Football legend Sir Geoff Hurst to present 2014 Meat Management Industry Awards

Football legend Sir Geoff Hurst to present 2014 Meat Management Industry Awards

Footballing hero Sir Geoff Hurst MBE is to be the guest of honour at the 2014 Meat Management Industry Awards dinner in 2014.

Now one of the most prestigious events in the meat industry calendar the Awards Dinner will take place on 4th June next year at the Grand Connaught Rooms in London. Details of the 2014 awards and how you can take part will appear in the November issue of Meat Management magazine.

Sir Geoff Hurst MBE will be the guest of honour at the 2014 Meat Management Industry Awards.

Sir Geoff Hurst MBE will be the guest of honour at the 2014 Meat Management Industry Awards.

Sir Geoff secured a unique place in the history of football when he became the first and, over 45 years later, still the only player to score a hat-trick in a World Cup Final.

Knighted in 1998 and inducted into the English Football Hall of Fame in 2004, Sir Geoff holds a special place in the hearts of football fans and has become an iconic sporting figure across the world.

Initially a strong-running midfielder,  the late West Ham and England manager, Ron Greenwood, spotted Geoff’s talent as a striker and moved him to centre forward, the position he was to play for his entire football career.

Early in 1966, Alf Ramsey, the England manager, named Geoff in the England line-up and  included him in the squad that was to compete for the World Cup at Wembley in July of that year. The 30th July was to be a pivotal moment in Geoff’s career, and his life, when he famously became the only man to score a hat trick in a World Cup Final. His place in the history of football was assured.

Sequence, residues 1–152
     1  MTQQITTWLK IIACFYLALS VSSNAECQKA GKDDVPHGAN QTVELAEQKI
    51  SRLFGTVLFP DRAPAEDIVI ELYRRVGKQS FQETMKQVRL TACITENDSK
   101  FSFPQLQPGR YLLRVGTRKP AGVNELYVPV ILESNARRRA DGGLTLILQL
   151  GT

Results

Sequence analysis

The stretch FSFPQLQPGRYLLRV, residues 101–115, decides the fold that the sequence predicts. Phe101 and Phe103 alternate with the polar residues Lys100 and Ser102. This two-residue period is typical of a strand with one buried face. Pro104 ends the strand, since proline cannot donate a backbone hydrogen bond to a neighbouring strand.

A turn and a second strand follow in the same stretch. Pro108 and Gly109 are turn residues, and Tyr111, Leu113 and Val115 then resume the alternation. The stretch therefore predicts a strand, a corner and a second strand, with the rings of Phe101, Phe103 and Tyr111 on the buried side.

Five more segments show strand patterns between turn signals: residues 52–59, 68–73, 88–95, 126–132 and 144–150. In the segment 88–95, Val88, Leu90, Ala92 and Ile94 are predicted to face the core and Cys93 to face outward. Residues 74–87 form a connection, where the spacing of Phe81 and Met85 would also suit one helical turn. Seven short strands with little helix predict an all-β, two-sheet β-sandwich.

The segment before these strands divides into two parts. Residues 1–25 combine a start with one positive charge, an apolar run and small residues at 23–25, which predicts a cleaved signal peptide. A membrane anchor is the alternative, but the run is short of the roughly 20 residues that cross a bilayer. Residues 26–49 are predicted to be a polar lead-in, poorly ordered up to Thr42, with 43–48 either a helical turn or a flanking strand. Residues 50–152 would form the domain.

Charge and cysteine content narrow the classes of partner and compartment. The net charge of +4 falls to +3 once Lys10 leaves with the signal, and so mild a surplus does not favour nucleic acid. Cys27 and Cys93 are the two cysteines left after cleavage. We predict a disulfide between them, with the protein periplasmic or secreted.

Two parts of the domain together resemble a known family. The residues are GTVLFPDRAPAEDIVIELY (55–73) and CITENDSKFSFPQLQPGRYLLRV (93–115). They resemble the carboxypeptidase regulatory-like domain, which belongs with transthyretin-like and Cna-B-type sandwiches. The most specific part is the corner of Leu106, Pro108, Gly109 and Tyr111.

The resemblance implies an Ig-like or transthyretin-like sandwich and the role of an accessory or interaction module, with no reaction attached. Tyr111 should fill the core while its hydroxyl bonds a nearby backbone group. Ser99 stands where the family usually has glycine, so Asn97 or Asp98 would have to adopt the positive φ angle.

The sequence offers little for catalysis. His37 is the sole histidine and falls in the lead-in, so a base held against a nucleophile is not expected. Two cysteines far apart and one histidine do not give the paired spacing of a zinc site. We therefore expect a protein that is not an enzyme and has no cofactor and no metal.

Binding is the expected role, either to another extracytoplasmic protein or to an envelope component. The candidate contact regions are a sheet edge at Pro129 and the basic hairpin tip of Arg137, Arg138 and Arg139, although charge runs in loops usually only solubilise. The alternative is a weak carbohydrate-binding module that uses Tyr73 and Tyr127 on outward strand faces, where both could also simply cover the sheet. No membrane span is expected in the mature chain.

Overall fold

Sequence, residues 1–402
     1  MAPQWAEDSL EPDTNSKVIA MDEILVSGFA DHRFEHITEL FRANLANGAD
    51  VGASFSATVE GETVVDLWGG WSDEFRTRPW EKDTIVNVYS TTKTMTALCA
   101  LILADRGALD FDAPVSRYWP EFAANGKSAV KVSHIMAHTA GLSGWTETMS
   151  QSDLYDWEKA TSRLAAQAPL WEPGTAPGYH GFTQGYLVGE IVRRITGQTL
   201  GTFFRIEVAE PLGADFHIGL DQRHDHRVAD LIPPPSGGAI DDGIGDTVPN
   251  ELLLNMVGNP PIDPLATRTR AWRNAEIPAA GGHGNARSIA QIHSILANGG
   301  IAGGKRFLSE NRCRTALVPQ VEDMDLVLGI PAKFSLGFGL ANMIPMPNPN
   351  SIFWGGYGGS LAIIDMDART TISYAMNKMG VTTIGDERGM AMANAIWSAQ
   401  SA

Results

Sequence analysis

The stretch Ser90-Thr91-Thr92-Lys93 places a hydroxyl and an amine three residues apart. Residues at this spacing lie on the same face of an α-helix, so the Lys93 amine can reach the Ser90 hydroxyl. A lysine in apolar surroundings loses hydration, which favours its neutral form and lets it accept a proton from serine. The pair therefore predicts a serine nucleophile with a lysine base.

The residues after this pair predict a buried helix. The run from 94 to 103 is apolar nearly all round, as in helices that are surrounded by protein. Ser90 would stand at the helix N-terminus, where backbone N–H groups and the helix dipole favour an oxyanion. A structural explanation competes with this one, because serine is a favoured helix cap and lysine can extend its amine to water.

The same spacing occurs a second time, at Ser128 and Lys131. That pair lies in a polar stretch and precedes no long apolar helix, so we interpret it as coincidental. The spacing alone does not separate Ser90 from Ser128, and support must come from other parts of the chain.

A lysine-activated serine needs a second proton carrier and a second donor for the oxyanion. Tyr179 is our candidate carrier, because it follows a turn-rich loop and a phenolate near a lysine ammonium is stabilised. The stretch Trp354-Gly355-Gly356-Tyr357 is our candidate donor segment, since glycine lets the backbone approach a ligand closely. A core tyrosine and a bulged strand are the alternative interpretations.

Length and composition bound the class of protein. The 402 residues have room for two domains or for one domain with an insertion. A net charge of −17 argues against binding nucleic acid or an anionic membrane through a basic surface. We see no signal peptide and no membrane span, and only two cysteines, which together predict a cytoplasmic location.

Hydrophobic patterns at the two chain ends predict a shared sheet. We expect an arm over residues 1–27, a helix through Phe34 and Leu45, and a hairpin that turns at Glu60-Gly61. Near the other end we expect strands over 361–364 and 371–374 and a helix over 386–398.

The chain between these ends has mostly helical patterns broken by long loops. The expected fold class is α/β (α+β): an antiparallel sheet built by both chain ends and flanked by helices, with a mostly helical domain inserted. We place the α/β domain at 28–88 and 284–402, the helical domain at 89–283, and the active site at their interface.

Continuing his club career with West Ham until 1972, Alf Ramsey selected Hurst as his first-choice in the attack for six years between 1966 and 1972, the longest run of any forward during his time as manager. During this time, Geoff became one of the highest paid footballers in the UK.

Today, Sir Geoff is asked about the World Cup on a daily basis but there was a gap of 15-20 years between his football career and the reverence for the achievements of the England team that has grown in more recent years. Would Sir Geoff have chosen to stay in football if he had the chance? “It wasn’t an option at the time. I had bills to pay and a family to look after. In the long term, it proved to be a good decision. I enjoyed my second career and having to go from the top, to the bottom and work my way back up again taught me something about humility – not a bad lesson for some of the egotistical young players in the modern game.”

Who would disagree with that?

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